Lenovo, who now manufacture's the ThinkPad line of PC laptops, is targeting rural Chinese farmers with the introduction of its $199 Heavenly Prosperity PC, running a software package called "Road to Riches." There are roughly 250 million Chinese farmers who could benefit from such a device that allows the user to access the internet to obtain information about agricultural practices, animal husbandry, market prices, and other pertinent information, according to the Christian Science Monitor article. Reporter Peter Ford accompanies the piece with an audio clip of him discussing the "ambitious goal" of equipping these farmers.
The specifications of the machine are similar to the OLPC laptop: it uses flash memory instead of a hard drive and contains no moving parts that might wear out or break. Mara Hvistendahl at Worldchanging.com has more specifications as well as a critical review of the policies and politics behind the machine. Plugged into a TV, the device is descibed as the size of box of chocolates and uses a tablet, helpful for rural Chinese who might not be accustomed to using a Chinese-language keyboard.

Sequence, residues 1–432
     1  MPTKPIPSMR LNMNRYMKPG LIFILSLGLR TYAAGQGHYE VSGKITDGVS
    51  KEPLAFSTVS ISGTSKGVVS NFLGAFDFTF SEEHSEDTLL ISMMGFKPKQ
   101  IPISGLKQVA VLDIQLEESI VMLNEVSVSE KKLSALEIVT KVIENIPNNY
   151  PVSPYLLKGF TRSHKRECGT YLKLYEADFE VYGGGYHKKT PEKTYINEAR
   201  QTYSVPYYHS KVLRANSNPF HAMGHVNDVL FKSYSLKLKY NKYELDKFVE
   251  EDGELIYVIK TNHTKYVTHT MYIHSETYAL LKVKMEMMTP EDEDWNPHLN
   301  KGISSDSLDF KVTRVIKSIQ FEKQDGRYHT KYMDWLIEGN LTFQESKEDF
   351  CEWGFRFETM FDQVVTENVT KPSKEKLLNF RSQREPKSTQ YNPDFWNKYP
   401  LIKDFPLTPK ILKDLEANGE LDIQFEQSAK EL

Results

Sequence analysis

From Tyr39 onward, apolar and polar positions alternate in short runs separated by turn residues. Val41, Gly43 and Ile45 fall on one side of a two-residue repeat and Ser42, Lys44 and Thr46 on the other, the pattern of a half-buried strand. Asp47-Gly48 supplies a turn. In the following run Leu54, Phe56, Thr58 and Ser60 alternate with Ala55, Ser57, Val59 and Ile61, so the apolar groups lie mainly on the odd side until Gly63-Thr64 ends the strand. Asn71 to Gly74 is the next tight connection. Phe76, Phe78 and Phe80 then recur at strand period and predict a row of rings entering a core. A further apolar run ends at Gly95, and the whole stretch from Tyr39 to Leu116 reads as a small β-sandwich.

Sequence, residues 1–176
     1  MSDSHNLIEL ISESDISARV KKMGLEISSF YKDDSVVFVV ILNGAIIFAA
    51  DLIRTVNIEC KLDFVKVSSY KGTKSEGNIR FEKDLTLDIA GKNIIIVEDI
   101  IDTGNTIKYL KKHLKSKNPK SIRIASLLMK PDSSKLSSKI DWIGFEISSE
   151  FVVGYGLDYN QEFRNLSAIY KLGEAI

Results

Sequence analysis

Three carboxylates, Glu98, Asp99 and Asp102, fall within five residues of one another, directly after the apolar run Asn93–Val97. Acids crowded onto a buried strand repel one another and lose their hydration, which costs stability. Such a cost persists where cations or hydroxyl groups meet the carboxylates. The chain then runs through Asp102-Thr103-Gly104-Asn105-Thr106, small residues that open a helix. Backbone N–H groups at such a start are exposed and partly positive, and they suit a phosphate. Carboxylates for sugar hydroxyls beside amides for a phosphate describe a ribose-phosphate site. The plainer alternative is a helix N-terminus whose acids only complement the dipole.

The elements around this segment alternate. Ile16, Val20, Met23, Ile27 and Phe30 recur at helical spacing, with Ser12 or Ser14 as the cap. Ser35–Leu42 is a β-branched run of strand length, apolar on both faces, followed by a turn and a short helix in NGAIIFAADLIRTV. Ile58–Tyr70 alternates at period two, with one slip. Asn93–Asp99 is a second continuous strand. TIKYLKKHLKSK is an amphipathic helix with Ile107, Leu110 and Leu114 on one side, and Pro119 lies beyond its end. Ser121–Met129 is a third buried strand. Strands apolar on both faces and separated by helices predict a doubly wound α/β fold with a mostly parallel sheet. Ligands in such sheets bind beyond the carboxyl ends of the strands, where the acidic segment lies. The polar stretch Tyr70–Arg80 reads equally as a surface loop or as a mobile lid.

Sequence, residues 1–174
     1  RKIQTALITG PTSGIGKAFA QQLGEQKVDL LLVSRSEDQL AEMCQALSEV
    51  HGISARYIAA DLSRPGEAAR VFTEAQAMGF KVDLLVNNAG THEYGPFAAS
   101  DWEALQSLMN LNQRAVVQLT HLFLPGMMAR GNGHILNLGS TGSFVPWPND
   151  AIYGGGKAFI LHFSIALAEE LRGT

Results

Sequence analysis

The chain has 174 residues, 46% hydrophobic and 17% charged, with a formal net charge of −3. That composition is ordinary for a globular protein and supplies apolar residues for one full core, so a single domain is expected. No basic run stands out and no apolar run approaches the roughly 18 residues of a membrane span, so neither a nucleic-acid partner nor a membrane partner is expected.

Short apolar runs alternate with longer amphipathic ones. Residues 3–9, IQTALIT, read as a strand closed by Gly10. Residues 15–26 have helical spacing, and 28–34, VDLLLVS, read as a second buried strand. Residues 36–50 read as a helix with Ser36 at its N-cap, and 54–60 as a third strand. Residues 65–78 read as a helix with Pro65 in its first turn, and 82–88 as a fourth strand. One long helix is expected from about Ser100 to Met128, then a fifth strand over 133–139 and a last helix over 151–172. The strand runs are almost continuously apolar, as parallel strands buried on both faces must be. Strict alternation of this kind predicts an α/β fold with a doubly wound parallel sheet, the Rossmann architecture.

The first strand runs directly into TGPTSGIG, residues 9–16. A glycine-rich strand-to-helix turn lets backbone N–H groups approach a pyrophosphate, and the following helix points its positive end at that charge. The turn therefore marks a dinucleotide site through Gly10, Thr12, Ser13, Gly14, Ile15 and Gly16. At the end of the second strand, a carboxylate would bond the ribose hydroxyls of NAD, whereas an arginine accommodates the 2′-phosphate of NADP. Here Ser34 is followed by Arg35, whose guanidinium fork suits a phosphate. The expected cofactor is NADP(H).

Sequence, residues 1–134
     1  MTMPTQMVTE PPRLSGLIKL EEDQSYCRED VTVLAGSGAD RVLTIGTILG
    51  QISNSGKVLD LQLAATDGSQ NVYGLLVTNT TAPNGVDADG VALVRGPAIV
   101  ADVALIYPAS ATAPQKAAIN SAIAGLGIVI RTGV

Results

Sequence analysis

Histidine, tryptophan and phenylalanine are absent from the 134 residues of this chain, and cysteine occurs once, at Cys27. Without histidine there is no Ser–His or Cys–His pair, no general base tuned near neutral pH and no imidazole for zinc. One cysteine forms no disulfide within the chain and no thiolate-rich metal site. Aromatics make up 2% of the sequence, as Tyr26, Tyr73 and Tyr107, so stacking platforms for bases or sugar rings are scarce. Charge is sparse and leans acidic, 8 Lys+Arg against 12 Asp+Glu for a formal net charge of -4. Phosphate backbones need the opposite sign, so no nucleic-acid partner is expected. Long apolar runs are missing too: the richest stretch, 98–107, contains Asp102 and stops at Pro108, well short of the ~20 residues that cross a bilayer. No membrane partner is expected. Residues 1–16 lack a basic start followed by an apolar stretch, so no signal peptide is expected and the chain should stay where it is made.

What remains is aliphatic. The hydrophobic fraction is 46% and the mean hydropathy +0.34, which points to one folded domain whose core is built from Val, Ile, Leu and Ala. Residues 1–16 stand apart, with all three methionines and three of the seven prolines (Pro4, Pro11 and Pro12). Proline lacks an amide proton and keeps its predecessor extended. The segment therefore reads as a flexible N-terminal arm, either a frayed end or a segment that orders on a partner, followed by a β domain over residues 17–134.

The machine's success seems dependent upon the "modernization" or urbanization of rural China, however. Electricity is spotty in some areas, and the state-owned telephone monopoly must also commit to providing service to rural users, who without a ADSL line would be unable to use the Internet with the computer.
Chinese users at the agriculture show Peter Ford attended with both positive and unsure of the device. One mushroom farmer ordered one, expecting to use it to increase his markets and to make more money. Like the OLPC project, enabling people in rural areas to collaborate and become world citizens through the use of technology is a powerful idea put into practice.